When wildfires strike, animals get left behind. Meet the Lake County team that rescues them.

LEAP team members rescued this goat from the Pawnee Fire.
LEAP team members rescued this goat from the Pawnee Fire. Lake County Animal Care & Control

Seven pigs, two horses, five dogs, three or four cats and a goat. Left behind in the throes of evacuations from the Pawnee Fire in Lake County, all those animals were saved from impending flames and shepherded to a county shelter.

Their rescuers? The Lake Evacuation & Animal Protection (LEAP) team, a group of animal shelter staff and animal-loving volunteers who have been training for crises just like this one.

LEAP was founded just before the Wye Fire of 2011. Its staff members "haven't gotten a break since," said Bill Davidson, the organization's director.

Northern California has suffered intense fire season after intense fire season in recent years, which has given LEAP's new members a trial by fire - literally.

Before volunteers can begin work with LEAP, they must complete both internal and governmental training classes, as well as a humane organization's disaster preparedness course

Even after the training, LEAP staff must wait for first responders, like a fire crew or law enforcement agency, to grant the group access to evacuation zones.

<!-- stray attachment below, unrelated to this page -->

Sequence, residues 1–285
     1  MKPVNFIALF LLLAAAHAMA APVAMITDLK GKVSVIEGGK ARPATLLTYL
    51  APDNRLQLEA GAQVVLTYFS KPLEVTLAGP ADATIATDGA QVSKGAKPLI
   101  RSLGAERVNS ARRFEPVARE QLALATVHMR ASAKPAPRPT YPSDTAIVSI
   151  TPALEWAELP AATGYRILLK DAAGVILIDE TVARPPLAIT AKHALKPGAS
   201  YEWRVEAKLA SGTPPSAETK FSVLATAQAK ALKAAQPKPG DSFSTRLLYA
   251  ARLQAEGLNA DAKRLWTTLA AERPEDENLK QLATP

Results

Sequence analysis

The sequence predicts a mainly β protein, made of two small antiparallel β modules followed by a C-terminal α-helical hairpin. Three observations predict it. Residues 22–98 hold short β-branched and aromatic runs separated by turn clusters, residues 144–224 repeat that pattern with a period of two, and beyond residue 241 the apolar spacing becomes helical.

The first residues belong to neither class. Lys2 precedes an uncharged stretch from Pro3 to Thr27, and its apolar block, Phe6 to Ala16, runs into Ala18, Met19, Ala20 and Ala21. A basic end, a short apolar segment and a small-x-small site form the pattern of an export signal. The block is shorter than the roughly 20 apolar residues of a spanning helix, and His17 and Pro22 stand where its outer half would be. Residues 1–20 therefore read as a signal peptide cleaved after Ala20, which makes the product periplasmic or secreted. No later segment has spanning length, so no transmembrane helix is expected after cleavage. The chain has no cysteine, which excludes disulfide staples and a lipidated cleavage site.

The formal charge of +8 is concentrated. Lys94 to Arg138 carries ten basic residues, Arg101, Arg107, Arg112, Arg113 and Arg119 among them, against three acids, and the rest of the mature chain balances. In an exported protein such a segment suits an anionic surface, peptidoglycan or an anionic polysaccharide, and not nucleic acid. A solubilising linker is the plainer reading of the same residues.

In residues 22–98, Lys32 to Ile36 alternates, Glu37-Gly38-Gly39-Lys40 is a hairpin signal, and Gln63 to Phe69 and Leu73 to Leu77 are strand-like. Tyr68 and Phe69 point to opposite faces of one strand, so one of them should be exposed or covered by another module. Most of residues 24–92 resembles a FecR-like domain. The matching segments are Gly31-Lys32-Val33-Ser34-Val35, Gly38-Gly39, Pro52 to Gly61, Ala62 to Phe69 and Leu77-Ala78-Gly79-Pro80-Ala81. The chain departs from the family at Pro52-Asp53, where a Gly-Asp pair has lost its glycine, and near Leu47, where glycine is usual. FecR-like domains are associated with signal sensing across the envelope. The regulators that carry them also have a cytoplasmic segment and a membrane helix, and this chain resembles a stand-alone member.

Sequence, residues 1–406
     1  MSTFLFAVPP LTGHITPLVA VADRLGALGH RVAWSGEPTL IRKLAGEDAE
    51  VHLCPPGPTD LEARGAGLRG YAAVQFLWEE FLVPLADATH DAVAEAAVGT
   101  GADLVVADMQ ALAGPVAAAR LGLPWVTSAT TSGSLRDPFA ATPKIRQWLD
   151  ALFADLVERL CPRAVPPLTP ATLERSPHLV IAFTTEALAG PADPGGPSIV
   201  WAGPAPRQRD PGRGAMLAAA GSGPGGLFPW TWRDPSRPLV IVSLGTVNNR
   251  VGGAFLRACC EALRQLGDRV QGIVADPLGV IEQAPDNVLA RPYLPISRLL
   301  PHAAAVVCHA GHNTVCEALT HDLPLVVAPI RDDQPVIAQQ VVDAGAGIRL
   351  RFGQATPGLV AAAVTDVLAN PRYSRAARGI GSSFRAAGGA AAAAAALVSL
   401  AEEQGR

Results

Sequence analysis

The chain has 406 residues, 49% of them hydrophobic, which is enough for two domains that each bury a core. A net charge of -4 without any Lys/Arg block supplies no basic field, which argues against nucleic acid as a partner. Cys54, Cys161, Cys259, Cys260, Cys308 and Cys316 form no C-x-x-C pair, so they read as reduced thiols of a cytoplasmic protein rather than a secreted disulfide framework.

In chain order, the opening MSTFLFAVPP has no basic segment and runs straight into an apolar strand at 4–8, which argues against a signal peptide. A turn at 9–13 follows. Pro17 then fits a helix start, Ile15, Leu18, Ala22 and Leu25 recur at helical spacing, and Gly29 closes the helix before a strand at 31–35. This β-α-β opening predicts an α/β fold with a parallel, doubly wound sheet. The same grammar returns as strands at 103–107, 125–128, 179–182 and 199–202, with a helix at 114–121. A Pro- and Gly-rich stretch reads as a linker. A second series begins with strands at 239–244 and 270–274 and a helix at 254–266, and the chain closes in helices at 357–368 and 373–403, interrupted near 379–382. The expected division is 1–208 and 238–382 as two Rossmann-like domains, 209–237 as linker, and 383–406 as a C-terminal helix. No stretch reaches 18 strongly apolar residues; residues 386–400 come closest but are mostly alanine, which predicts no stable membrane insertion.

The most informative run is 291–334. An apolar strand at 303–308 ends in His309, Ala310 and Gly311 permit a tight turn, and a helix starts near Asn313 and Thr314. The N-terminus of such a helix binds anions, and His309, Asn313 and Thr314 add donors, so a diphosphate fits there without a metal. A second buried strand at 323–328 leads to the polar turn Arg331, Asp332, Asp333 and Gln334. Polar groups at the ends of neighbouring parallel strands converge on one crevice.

They got that approval at 6:45 p.m. on Saturday, when the Lake County Sheriff's Department asked LEAP to deploy its personnel to the Spring Valley community and other areas threatened by the blaze, Davidson said.

Mandatory evacuation orders can occur with little warning, Davidson said, so people shopping at the grocery store or attending a doctor's appointment often can't get back to where their pets and livestock are. On Saturday, LEAP split into teams of two and headed toward the residences of community members who had called them for help.

A pig rescued from the Pawnee Fire by LEAP staff members splashes in a trough. Bill Davidson Lake County Animal Care & Control

In the field, Cal Fire firefighters are LEAP's "eyes and ears," Davidson said, telling the group where they should and should not go.

This weekend, they worked for almost 36 hours straight. They only stopped at 6 p.m. on Sunday because, after their initial deployment, LEAP avoids working at night, when dealing with spooked horses and unpredictable flames becomes too dangerous, Davidson said.

Community members unaffiliated with LEAP aren't allowed to enter evacuation areas to mount their own vigilante animal rescue operation. That doesn't mean concerned individuals can't do anything to help, according to Debbie James, the President of the Lake County Horse Council.

"My ranch is always open," said James, who lives about 30 minutes from the Pawnee Fire. She and other members of the council have been working to stockpile hay for displaced horses to eat.

The good news, she said, is that although some horses were left behind as locals evacuated, she hadn't heard of any life-threatening crises in the county as of Monday afternoon.

The Pawnee Fire covered 8,200 acres and 0 percent contained as of 11:34 a.m. Monday morning. LEAP will continue to rescue animals until evacuation orders are lifted for the county, Davidson said.

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